How To Use a Roth IRA To Fund College TuitionOctober 8, 2014 – Articles Estate Planning Blog
Last week I came across an interesting article by Erin Arvedlund in The Philadelphia Inquirer about saving for college tuition. The article reminded me that it's possible to use a Roth IRA to pay education expenses.
Generally, if you take a distribution from an IRA before you reach age 59 1/2, you must pay a 10 percent additional tax on the distribution. However, distributions used to pay qualified higher education expenses for you, your spouse, your children or your grandchildren are an exception to this additional tax. Qualified higher education expenses include tuition, fees, books, supplies and equipment required for enrollment or attendance at an eligible educational institution. If the student is at least a half-time student, room and board are also qualified educational expenses. An eligible educational institution is any college, university or other postsecondary educational institution eligible to participate in a student education program administered by the U.S. Department of Education.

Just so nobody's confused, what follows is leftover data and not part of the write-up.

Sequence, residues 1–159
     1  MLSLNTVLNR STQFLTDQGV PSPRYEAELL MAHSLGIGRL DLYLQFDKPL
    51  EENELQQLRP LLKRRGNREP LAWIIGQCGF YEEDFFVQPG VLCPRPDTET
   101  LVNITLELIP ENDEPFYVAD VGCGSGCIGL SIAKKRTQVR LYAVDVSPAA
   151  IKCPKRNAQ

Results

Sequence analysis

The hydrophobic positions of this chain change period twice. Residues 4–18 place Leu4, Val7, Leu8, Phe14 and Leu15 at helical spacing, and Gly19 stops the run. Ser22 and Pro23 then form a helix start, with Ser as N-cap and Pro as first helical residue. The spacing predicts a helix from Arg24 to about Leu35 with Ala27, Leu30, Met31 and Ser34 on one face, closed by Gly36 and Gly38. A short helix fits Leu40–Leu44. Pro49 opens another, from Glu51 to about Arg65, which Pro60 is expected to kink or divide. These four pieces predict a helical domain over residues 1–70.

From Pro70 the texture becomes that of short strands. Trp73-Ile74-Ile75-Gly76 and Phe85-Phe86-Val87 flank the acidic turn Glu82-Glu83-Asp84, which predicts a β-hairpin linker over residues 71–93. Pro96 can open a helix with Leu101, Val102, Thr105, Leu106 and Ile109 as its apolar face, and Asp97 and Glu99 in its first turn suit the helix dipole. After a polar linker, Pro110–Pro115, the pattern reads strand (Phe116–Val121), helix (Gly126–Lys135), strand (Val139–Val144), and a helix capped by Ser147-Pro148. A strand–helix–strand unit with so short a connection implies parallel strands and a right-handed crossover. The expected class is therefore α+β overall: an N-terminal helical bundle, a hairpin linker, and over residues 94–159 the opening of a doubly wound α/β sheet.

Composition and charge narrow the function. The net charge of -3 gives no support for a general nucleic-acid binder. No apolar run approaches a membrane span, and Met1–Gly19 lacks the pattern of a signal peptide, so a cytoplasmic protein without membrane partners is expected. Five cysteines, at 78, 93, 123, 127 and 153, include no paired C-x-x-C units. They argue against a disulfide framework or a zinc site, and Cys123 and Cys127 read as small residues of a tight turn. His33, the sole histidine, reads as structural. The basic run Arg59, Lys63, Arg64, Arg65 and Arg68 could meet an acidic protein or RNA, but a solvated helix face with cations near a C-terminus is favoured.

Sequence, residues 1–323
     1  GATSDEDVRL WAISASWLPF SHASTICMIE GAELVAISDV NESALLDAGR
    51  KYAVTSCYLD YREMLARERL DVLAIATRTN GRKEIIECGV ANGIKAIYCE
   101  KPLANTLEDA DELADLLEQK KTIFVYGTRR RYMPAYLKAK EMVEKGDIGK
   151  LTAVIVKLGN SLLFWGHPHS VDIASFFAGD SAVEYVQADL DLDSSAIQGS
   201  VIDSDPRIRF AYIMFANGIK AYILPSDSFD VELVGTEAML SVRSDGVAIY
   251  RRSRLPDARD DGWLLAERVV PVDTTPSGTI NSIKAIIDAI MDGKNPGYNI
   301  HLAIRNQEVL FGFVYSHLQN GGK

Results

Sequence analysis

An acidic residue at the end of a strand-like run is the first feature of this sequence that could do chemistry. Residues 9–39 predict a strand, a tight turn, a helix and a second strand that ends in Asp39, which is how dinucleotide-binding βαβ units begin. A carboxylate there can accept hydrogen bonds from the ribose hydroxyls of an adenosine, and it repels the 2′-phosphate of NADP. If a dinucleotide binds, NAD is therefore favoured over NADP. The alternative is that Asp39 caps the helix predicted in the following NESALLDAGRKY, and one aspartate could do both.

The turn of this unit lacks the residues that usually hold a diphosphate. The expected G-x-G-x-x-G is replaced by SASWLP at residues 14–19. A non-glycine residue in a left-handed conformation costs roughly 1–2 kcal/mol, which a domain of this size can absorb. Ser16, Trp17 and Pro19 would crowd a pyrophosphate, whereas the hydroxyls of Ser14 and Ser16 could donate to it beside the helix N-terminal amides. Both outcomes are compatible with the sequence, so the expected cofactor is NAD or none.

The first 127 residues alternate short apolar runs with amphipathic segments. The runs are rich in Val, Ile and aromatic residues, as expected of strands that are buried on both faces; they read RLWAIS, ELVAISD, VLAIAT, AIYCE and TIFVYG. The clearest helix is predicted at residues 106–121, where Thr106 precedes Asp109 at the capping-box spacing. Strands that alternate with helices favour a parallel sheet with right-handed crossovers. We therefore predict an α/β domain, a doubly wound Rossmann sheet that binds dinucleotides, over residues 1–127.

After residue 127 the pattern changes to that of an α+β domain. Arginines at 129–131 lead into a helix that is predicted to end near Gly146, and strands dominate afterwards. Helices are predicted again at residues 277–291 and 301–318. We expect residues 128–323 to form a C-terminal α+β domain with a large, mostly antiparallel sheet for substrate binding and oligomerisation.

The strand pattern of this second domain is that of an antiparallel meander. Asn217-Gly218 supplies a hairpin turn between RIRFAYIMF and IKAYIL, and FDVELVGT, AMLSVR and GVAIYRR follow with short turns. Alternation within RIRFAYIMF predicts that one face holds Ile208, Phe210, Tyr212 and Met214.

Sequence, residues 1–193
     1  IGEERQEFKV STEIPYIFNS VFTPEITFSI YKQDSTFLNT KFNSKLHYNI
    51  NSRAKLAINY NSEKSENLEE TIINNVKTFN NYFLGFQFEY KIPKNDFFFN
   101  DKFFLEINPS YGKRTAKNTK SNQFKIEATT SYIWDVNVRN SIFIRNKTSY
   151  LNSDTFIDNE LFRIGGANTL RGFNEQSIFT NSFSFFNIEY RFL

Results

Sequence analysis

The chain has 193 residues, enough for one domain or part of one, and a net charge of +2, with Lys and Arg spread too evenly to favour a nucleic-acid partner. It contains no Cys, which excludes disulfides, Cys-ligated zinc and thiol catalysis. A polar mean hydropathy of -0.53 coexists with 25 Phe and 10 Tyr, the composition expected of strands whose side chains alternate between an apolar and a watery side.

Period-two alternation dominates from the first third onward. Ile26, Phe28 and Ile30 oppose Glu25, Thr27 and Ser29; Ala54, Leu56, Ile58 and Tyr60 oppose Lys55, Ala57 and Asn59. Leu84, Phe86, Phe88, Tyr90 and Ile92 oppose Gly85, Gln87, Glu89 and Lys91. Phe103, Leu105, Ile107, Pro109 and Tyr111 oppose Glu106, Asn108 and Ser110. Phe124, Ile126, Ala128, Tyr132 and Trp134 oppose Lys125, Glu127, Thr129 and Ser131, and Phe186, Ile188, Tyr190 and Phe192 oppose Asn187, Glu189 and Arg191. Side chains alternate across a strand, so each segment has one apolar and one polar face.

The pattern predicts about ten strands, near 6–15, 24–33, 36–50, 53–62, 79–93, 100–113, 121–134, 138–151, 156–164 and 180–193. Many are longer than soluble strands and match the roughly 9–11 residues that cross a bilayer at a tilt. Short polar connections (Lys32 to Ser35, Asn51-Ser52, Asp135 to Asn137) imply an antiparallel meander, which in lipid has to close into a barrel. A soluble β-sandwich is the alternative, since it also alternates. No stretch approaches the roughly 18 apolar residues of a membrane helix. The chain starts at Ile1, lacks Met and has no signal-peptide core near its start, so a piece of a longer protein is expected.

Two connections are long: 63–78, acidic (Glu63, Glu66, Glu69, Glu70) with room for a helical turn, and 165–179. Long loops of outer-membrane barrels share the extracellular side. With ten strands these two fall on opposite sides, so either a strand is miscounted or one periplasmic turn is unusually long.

If you are under age 59 1/2 or you have not held the Roth IRA for at least five years, then only the contribution portion of the Roth IRA can be withdrawn tax free. The earnings portion is subject to income tax, but not the 10 percent additional tax. Importantly, withdrawals are treated as a return of contributions first and as earnings second. Of course, if you are older than 59 1/2 and have held the account for more than five years, then all withdrawals are tax-free, regardless of what you use the money for and whether it represents a return of contributions or earnings.
The rules work like this: Assume I'm 49 years old and have a Roth IRA with a $25,000 balance in an account I've held for more than five years. Of the Roth IRA account balance, $15,000 represents my contributions (which I funded with after-tax dollars) and the remaining $10,000 represents the income and growth on my contributions. If I withdraw $15,000 from the account and use those funds to pay my daughter's qualified higher education expenses, no portion of the withdrawal is taxable or subject to the additional 10 percent tax. The $15,000 withdrawal is treated as a return of my contributions. If I withdraw the entire $25,000 and use those funds to pay qualified higher education expenses, $10,000 will be taxed, but no portion of the withdrawal will be subject to the 10 percent additional tax.
Roth IRAs present an interesting alternative to the college funding dilemma. If you think this is something worth exploring and you are relying on financial aid, make sure you know how the withdrawal will affect your eligibility for financial aid before you make the withdrawal. For more information on education exceptions to the 10 percent additional tax, see this IRS publication.